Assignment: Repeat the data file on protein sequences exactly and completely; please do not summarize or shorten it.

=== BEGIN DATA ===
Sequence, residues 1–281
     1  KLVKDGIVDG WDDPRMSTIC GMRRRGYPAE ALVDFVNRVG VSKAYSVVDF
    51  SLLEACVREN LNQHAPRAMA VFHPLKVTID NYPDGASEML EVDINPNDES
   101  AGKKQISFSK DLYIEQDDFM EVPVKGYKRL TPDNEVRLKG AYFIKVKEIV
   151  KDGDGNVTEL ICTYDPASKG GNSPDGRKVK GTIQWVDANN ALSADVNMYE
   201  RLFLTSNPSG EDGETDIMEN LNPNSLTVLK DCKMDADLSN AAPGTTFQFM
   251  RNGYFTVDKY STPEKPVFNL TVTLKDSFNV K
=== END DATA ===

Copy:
Sequence, residues 1–281
     1  KLVKDGIVDG WDDPRMSTIC GMRRRGYPAE ALVDFVNRVG VSKAYSVVDF
    51  SLLEACVREN LNQHAPRAMA VFHPLKVTID NYPDGASEML EVDINPNDES
   101  AGKKQISFSK DLYIEQDDFM EVPVKGYKRL TPDNEVRLKG AYFIKVKEIV
   151  KDGDGNVTEL ICTYDPASKG GNSPDGRKVK GTIQWVDANN ALSADVNMYE
   201  RLFLTSNPSG EDGETDIMEN LNPNSLTVLK DCKMDADLSN AAPGTTFQFM
   251  RNGYFTVDKY STPEKPVFNL TVTLKDSFNV K